0:06 AM, 16th June 2023, About 9 months ago 9
Low-income renters in England who rely on benefits are finding it increasingly difficult to secure housing due to skyrocketing private rents that far exceed local housing allowance rates (LHA).
These rates, which determine the maximum amount of financial help tenants can receive through universal credit or legacy housing benefits, have remained stagnant since 2020.
Originally, LHA was designed to cover the lowest 30% of market rents.
However, recent findings from the Chartered Institute of Housing (CIH) and Shelter reveal that this is no longer the case for a typical two-bedroom rental property in England.
In fact, less than 20% of private rentals fall within LHA rates, leaving renters to grapple with an average deficit of £151 per month.
Charlie Berry, a policy officer at Shelter, said: “These huge shortfalls leave private renters at high risk of going into rent arrears and push families towards homelessness.
“With fewer and fewer affordable private rentals for people on housing benefit and a severe shortage of social housing, we are sadly left with a homelessness crisis.”
She added: “There are now more than 101,000 homeless households living in temporary accommodation, the highest number for almost 20 years.
“The evidence is clear: the Government must end the damaging freeze to local housing allowance which is leaving low-income families with nowhere they can afford to call home.”
As rents continue to climb, the three-year freeze on local housing allowance rates has only worsened the gap between these rates and actual rents.
The disparity between LHA rates and rents varies across England, with some regions experiencing a more severe shortage of affordable properties.
In the South East, particularly in areas like Eastbourne and East Sussex, less than 10% of rented homes are available at LHA rates.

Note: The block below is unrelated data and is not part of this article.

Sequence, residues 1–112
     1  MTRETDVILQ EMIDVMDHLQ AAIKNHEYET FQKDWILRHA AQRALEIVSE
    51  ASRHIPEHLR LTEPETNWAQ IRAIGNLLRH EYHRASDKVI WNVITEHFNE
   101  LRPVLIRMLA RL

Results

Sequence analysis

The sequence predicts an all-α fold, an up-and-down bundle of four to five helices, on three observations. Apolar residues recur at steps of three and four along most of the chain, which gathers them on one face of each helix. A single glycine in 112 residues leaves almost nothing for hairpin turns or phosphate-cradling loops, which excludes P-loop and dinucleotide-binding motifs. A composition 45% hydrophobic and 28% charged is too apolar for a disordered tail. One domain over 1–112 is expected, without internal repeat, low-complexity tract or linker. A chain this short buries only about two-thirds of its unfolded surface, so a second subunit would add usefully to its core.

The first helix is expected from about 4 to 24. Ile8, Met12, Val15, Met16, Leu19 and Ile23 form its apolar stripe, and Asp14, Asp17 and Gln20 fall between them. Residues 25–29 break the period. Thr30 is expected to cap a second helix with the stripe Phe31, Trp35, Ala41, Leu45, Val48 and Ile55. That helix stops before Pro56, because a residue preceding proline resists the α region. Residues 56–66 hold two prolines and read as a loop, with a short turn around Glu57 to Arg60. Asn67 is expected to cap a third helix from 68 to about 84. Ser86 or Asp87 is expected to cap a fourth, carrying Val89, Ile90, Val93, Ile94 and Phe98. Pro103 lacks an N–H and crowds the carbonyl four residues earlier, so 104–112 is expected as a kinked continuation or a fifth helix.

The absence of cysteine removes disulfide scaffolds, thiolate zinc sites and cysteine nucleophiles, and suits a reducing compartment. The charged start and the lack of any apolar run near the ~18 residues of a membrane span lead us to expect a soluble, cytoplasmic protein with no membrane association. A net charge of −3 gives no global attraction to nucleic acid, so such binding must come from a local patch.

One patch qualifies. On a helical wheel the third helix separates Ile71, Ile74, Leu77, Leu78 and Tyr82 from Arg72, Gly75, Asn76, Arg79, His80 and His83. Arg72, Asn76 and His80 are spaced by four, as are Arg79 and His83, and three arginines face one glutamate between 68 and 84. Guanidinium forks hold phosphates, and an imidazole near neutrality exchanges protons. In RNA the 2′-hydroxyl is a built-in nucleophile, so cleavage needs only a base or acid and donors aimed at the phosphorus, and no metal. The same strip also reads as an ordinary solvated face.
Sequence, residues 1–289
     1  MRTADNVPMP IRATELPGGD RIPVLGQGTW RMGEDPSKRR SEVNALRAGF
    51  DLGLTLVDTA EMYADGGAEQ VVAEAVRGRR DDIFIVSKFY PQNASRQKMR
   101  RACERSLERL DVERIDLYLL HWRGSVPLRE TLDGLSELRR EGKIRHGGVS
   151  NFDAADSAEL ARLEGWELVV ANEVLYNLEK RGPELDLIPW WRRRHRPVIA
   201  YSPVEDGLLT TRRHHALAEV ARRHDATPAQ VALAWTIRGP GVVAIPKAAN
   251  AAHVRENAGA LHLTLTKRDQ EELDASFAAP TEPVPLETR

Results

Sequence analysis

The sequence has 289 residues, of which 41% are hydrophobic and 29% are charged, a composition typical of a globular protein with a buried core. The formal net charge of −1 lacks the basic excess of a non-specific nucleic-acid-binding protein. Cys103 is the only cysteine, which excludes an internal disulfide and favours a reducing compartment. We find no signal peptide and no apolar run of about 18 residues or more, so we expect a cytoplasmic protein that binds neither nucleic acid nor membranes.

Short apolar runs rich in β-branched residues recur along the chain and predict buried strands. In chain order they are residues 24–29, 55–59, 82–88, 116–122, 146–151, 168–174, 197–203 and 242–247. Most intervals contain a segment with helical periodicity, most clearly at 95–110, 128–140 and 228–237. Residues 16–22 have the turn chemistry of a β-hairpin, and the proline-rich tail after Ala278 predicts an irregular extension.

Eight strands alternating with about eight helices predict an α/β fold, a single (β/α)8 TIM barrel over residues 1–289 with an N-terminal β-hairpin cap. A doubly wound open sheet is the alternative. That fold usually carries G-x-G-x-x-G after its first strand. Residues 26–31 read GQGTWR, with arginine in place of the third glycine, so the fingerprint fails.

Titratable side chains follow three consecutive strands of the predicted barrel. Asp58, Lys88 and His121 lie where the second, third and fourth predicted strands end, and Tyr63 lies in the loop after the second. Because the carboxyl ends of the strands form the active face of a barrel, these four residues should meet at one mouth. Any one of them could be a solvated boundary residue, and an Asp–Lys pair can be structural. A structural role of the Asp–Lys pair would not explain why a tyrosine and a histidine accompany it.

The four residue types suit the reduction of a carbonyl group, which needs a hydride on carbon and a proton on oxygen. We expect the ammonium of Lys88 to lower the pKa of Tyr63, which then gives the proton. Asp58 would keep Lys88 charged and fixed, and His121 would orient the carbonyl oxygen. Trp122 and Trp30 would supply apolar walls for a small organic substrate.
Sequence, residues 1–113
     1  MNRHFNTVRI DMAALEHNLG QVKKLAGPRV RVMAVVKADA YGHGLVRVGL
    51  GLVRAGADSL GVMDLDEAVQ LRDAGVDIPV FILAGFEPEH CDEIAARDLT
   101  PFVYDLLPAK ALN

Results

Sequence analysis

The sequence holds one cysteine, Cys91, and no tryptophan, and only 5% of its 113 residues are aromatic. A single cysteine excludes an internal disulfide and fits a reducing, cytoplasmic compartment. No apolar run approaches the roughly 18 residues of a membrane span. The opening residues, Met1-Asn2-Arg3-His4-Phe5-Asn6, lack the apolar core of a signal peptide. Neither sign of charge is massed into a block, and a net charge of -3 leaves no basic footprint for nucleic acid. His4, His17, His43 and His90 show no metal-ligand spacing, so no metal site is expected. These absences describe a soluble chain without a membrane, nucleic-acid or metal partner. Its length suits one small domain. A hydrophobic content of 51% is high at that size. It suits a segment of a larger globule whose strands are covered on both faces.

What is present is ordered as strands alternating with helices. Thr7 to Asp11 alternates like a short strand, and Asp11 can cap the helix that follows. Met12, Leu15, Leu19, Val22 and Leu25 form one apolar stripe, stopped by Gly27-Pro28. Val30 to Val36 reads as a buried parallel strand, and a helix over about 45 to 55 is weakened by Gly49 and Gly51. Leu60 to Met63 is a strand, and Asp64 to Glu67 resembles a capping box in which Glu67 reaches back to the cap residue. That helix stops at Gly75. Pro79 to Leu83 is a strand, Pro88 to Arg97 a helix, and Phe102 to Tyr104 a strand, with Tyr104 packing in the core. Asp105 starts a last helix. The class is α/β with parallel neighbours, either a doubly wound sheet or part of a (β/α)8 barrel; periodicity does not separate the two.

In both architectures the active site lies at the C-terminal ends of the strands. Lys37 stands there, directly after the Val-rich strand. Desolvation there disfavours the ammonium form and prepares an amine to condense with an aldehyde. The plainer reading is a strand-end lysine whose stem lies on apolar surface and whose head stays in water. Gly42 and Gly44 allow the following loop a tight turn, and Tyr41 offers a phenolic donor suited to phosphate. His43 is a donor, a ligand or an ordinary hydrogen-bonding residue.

The situation is even more dire in Yeovil and in Tameside in Greater Manchester, where only 7% and 5% of properties, respectively, can accommodate low-income tenants.
However, the research shows that the struggle to find affordable housing is not limited to densely populated cities in England.
In cities like Leeds and Bristol, a mere 10% of properties are accessible at these rates.
In Scarborough, north Yorkshire, only 13% of homes fall within the current rates, while just 8% meet the criteria in Bury St Edmunds, Suffolk.
The situation is even more challenging for single individuals under 35 years old seeking a room in a shared home.
In 24 out of 152 areas, just 5% or fewer rooms are available at affordable rates.
Coastal regions like Cornwall, Devon and also Dover and Plymouth, where the issue of holiday lets and second homes means there aren’t any affordable rooms to rent.
A government spokesperson said: “We recognise the pressures of rising rents which is why we have maintained 2020’s £1 billion boost to Local Housing Allowance rates which provided more than a million claimants with an extra £600 a year on average.
“We are projected to spend over £30 billion on housing support in 2023-24 on top of a significant package of support to help with rising costs, worth an average of £3,300 per household.
“For those who face a shortfall in meeting their housing costs, Discretionary Housing Payments are available from local authorities.”
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